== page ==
"Robert, surnamed Courte-heuse, duke of Normandy, who led his vassals to the holy war, was the eldest son of William the Conqueror."

"Another Robert, count of Flanders, placed himself at the head of the Frisons and the Flemings."

"Stephen, count of Blois and Chartres, had also taken up the cross."

"These four chiefs were accompanied by a crowd of knights and nobles, among whom history names Robert of Paris, Evrard of Prusaiè, Achard de Montmerle, Isouard de Muson, Stephen, count d'Albermarle, Walter de St. Valery, Roger de Barneville, Fergant and Conan, two illustrious Bretons, Guis de Trusselle, Miles de Braiës, Raoul de Baugency, Rotrou, son of the count de Perche; Odo, bishop of Bayeux, uncle of the duke of Normandy; Raoul de Gader, Yve and Albéric, sons of Hugh de Grandménil. The greater part of the counts and barons took with them their wives and children, and all their war equipages. They crossed the Alps, and directed their march towards the cities of Italy, with the intention of embarking for Greece. They found in the neighbourhood of Lucca Pope Urban, who gave them his benediction, praised their zeal, and offered up prayers for the success of their enterprize. The count de Vermandois, after having received the standard of the Church from the hands of the sovereign pontiff, repaired to Rome, with the other princes, to visit the tombs of St. Peter and St. Paul."

"The passage of the French Crusaders, however, had awakened the zeal of the Italians. Bohemond, prince of Tarentum, was the first who resolved to associate himself with their fortunes, and to partake of the glory of the holy expedition."[7]

The First Crusade; The Accounts of Eyewitnesses and Participants

"When the Crusade was preached, Arnulf joined the expedition in the band of Robert of Normandy. His position was that of chaplain to Odo, Archbishop of Bayeux, the fiery brother of the Conqueror. Upon Odo's death early in the march, Arnulf virtually succeeded the Archbishop, becoming chaplain to Robert of Normandy." [8]


1050 -1100:Bishop of Bayeux
1066: Norman conquest of England
1067:Earl of Kent, Castellan of Dover
1075:Helps suppress rebellion of earls of Norfolk and Hereford
1082 - 7:Prisoner in Rouen
1088:Helps lead rebellion to put nephew Robert, Duke of Normandy, on English throne[9]
1096:Joins First Crusade with nephew Robert, Duke of Normandy
1097:Dies in Palermo, Sicily and buried there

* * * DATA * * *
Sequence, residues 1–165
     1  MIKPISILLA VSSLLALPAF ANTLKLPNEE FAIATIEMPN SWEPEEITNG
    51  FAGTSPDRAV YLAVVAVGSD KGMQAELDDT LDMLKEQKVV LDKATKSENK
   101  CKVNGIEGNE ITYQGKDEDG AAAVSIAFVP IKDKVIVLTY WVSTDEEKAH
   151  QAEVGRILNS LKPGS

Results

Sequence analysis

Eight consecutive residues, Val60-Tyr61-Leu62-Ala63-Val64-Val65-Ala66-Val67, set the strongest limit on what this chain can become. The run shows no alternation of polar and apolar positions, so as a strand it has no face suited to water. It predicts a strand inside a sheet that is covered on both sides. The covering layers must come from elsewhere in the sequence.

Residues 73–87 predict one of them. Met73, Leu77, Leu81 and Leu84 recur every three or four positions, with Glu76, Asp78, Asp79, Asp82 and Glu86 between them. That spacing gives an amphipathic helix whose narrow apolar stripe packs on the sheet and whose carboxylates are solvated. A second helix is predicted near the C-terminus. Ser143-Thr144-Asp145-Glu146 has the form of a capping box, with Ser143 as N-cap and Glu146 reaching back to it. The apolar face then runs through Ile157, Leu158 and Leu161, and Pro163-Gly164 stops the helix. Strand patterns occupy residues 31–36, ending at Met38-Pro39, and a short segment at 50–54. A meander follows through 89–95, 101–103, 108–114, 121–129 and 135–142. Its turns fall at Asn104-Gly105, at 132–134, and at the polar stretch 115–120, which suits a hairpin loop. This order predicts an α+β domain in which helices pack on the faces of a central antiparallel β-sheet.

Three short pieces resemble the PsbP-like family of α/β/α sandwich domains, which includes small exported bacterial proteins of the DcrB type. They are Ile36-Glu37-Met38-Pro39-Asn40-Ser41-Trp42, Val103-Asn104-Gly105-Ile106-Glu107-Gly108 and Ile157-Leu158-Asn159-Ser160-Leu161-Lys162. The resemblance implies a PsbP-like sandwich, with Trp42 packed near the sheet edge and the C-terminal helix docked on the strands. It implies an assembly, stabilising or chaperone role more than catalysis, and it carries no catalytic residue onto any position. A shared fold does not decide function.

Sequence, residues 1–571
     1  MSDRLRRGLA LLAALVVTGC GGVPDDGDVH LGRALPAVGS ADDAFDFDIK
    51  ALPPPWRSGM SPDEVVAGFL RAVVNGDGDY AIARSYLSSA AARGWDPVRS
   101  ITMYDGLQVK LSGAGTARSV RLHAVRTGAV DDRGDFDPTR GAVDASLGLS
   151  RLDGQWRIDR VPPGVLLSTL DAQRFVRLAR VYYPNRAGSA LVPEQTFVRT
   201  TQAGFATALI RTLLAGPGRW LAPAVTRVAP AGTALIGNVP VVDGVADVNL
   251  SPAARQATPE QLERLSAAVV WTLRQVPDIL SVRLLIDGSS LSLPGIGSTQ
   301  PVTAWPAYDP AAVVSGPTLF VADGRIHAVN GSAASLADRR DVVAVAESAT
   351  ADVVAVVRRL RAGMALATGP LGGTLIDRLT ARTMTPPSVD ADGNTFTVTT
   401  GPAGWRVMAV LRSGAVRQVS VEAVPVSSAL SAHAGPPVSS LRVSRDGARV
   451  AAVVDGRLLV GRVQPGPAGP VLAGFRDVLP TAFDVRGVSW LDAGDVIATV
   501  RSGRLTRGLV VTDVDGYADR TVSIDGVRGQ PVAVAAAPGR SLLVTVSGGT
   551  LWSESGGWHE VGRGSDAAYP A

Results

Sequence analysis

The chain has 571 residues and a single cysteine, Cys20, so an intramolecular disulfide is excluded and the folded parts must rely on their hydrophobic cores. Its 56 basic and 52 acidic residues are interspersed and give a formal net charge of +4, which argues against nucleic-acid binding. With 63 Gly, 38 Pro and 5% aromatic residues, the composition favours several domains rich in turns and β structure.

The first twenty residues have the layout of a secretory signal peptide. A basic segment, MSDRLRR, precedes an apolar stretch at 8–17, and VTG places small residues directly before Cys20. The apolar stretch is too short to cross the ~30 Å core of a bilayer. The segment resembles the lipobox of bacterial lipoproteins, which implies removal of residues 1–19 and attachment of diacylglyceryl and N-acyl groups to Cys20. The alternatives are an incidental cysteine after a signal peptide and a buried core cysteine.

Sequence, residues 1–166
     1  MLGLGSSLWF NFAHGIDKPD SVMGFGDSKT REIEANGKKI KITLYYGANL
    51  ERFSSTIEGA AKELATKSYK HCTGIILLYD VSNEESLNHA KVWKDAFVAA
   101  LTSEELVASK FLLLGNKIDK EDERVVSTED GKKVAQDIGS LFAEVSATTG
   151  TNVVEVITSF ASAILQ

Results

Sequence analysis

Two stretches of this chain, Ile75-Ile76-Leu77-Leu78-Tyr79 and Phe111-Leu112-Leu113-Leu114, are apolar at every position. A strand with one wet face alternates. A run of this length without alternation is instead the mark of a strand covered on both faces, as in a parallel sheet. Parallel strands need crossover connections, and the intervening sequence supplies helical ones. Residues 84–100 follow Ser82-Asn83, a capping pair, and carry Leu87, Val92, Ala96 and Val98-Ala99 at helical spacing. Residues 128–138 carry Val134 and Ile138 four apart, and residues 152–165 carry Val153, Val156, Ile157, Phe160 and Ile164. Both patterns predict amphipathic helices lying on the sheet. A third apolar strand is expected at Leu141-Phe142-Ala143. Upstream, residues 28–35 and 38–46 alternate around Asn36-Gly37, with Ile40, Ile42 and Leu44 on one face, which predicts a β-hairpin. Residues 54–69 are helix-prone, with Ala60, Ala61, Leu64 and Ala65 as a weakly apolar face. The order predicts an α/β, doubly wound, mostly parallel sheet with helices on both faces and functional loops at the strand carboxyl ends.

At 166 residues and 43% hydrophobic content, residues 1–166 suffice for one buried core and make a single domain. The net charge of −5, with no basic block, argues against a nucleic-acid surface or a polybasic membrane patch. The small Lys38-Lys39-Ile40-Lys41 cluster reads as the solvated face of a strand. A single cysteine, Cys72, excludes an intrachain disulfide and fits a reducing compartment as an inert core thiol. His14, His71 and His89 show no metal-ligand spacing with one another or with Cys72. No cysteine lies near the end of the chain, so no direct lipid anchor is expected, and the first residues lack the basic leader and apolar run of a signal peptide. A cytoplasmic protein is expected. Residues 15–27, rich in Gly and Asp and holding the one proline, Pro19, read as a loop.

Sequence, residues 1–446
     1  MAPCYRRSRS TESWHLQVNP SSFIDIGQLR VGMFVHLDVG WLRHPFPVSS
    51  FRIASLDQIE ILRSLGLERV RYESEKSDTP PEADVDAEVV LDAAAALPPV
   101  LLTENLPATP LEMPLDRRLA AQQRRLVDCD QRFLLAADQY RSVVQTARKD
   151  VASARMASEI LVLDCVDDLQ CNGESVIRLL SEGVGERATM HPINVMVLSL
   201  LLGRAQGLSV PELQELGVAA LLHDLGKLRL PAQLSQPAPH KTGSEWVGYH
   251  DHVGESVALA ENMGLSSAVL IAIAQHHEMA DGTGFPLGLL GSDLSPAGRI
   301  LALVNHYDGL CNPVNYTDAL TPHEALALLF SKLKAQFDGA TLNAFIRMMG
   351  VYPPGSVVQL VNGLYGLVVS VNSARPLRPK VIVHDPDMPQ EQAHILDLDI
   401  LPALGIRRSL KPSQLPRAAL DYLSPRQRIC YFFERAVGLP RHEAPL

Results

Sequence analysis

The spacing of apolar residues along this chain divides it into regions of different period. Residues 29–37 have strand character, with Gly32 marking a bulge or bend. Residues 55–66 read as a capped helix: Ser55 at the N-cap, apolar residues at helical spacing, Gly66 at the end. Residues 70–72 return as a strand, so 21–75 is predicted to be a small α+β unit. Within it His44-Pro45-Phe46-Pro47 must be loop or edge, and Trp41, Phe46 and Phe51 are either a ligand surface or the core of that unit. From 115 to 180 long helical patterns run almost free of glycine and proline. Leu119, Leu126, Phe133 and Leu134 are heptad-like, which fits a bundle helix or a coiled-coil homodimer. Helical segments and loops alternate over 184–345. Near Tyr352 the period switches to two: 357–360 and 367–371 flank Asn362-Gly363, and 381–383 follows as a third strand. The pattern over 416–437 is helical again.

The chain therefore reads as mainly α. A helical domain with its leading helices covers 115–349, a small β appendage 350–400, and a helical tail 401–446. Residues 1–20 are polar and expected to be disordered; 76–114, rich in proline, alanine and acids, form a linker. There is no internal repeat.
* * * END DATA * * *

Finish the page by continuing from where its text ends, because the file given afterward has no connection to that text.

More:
• Royal Ancestry by Douglas Richardson Vol. V page 487 and 489
  1. 1.0 1.1 1.2 1.3 1.4 Kleiner, Fred S. (2011). Gardener's Art Through the Ages: A Global History. 13th ed., pp.465. Wadsworth Cengage. E-book.
  2. Wikipedia:Odo, Earl of Kent
  3. Medieval Lands v. 3. fmg.ac
  4. Odo and William: same mother, different fathers.
  5. Keats-Rohan, Domesday People, p.309
  6. hence its nickname
  7. The History of the Crusades, by, Joseph Fr. Michaud, William Robson, and Hamilton W Mabie, pg 81 [1]
  8. The first crusade; the accounts of eyewitnesses and participants, pg 296 [2]
  9. Medieval Lands: later banished from England; honors and possessions forfeited.

Edited for Style Standards. Gedcoms in Changes.

MEDIEVAL LANDS: A prosopography of medieval European noble and royal families by Charles Cawley © Foundation for Medieval Genealogy & Charles Cawley 2000-2018.

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Images: 4
Bayeux Tapestry
Bayeux Tapestry

Odo rallies troops at Hastings
Odo rallies troops at Hastings

Tile: Light Wool
Tile: Light Wool

The Battle of Hastings, by Tom Lovell
The Battle of Hastings, by Tom Lovell

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On 28 Sep 2018 at 07:34 GMT Andrew Lancaster wrote:

Colorful and I think the bayeux tapestry is relevant enough to get some focus like this, but I am a bit concerned about the text's content. The wikipedia citations are extremely different compared to what wikipedia really has. Strange that we are mainly using a history of gardening? The large excerpt about the crusade is not specifically about Odo.

Odo is 30 degrees from Robin Helstrom, 30 degrees from Katy Jurado and 22 degrees from Victoria of the United Kingdom of Great Britain and Ireland on our single family tree. Login to find your connection.